Tried to do a system update, manjaro started using all resources and the computer is freezing

Hello community!

I hadn’t updated the system for a couple of weeks. I opened a terminal and typed sudo pacman -Syyuw. I got through a question about replacing one package with another, got a second question and that’s when things started to go wrong.

The only other application I opened at that point was the monitor and saw that CPU and RAM shot up through the roof. Computer was stuck and swap was ramping up.

I was know relying on the HDD swap and with much patience, I managed to open a tty and run top.

In top I can see a lot of pamac processes, like 10 of them at least. I didn’t manage to start downloading any packages, I only got through the core, extra, community, multilib update.

Is there any way that I can gracefully shut down pacman or the pamac processes?


Always pay attention and not add typos in terminal commands or in topics, because can lead to many misunderstandings.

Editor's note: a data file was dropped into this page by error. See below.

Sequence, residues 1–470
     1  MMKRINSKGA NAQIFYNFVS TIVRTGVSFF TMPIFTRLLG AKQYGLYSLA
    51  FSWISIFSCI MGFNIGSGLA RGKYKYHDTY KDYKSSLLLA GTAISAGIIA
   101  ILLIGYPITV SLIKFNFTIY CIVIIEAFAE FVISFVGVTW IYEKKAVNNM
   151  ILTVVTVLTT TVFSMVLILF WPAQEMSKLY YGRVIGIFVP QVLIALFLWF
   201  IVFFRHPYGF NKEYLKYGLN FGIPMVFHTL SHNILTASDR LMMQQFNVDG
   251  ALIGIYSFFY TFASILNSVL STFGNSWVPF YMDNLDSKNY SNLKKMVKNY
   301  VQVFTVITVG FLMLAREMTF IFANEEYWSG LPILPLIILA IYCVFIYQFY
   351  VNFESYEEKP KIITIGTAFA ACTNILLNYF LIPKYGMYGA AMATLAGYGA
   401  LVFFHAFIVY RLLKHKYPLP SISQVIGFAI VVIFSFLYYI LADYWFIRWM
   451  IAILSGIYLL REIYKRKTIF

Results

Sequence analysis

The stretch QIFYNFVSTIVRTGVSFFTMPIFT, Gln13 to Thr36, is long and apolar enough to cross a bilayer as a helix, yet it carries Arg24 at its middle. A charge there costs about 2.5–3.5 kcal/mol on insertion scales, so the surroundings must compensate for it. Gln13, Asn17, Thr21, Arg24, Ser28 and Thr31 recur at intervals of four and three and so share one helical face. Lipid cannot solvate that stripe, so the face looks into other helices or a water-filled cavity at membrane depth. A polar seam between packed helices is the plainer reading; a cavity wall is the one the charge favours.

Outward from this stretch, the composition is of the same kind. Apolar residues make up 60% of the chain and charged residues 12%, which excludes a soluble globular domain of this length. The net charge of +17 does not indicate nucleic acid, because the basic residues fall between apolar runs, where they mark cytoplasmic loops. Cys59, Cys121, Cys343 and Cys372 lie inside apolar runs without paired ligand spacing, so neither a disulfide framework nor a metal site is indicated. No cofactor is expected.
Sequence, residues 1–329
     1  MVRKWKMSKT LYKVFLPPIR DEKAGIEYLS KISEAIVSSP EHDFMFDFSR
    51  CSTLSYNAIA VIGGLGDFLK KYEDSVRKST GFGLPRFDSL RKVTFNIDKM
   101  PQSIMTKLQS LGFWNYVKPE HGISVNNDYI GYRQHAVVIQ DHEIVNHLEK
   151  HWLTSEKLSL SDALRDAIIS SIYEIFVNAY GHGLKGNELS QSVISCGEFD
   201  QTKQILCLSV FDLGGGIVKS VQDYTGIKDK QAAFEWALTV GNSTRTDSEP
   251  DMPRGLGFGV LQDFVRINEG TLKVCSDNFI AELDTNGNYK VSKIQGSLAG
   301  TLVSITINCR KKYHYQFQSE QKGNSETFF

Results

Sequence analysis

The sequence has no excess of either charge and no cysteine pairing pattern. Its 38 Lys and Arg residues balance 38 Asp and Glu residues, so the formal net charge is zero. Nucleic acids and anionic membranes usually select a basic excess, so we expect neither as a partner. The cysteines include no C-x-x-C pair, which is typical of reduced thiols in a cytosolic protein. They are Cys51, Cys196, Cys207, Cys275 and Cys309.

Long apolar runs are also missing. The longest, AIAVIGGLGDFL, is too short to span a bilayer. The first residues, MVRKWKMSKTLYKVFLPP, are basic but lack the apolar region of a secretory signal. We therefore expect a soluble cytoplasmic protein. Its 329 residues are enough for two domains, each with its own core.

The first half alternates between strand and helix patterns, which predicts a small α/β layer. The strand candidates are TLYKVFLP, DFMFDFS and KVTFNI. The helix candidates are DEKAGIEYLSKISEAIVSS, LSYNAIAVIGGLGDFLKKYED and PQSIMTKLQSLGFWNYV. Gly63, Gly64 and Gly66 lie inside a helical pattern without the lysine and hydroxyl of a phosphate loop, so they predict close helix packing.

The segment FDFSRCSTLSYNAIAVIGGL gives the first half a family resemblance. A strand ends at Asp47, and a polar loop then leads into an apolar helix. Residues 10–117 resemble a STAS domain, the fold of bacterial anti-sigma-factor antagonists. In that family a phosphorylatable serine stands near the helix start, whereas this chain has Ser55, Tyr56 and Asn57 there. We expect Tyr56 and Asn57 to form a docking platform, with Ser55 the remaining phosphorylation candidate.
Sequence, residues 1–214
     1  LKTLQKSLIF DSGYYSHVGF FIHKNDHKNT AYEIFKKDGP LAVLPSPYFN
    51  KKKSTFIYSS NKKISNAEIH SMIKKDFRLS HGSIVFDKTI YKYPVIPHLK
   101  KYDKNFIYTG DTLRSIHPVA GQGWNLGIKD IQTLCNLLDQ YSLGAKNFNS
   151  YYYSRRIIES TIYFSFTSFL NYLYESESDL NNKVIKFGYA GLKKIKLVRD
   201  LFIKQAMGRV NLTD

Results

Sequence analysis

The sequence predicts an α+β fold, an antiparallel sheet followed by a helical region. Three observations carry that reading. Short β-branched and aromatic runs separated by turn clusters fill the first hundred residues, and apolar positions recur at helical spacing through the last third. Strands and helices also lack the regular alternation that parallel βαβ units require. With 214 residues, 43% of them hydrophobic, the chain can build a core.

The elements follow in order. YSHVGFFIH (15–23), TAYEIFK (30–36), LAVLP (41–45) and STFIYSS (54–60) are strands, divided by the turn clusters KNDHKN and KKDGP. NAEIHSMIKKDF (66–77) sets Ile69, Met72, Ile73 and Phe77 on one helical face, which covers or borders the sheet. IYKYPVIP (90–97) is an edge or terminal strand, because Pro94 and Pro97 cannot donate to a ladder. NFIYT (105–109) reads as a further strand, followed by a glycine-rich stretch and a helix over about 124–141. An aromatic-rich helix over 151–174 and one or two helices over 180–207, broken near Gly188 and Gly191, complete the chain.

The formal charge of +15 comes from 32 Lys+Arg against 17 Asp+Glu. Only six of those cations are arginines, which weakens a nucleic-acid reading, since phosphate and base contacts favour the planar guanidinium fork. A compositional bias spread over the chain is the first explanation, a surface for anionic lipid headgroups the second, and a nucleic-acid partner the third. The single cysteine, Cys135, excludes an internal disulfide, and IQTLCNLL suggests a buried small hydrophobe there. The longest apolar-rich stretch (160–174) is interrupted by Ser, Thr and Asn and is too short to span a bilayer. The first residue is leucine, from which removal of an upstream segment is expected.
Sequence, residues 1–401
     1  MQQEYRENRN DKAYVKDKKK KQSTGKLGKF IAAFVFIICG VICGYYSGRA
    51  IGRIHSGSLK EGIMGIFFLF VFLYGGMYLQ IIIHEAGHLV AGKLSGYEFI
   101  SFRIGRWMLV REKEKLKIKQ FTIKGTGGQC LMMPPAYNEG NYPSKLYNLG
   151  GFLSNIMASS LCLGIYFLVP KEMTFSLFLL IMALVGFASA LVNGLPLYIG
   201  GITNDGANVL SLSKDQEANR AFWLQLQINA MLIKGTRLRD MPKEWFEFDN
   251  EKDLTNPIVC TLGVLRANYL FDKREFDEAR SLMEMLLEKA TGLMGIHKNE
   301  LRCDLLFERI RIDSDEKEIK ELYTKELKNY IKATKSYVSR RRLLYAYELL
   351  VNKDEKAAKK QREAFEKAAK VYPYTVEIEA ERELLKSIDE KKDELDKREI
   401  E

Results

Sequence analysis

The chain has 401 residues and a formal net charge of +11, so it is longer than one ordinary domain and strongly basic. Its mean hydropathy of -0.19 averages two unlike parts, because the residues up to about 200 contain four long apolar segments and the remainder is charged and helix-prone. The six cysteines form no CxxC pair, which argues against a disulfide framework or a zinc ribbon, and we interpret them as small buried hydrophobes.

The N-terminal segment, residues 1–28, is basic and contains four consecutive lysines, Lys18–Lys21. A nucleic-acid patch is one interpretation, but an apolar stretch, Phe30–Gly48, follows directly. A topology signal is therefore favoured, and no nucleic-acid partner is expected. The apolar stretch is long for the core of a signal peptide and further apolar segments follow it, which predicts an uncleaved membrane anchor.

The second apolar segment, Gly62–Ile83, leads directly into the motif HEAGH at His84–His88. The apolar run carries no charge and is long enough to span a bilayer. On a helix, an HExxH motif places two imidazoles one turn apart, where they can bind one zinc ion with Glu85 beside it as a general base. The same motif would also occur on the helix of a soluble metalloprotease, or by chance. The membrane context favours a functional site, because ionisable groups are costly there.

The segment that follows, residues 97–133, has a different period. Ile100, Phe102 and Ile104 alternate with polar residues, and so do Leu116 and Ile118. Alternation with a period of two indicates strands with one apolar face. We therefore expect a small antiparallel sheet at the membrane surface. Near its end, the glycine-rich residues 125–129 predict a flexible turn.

If there was no downloaded package, then you can safely reboot the machine. A problem with updating and interrupting the update is when pamac or pacman will start actually doing the update on the packages.

You might have to run, after reboot
sudo rm /var/lib/pacman/db.lck

and then you can also make sure all is fine by
sudo pacman-mirrors -f5 && sudo pacman -Syyu

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Thank you. I shut it down and let it rest, because the HDD felt like it was overheating.

I’ll try the full update a bit later on a tty.

Yes. This wasn’t a typo though, I do add the w option in -Syyu in order to just download all packages first, while I’m still in the graphical environment. Afterwards, I pop into a tty to install the updates with -Su.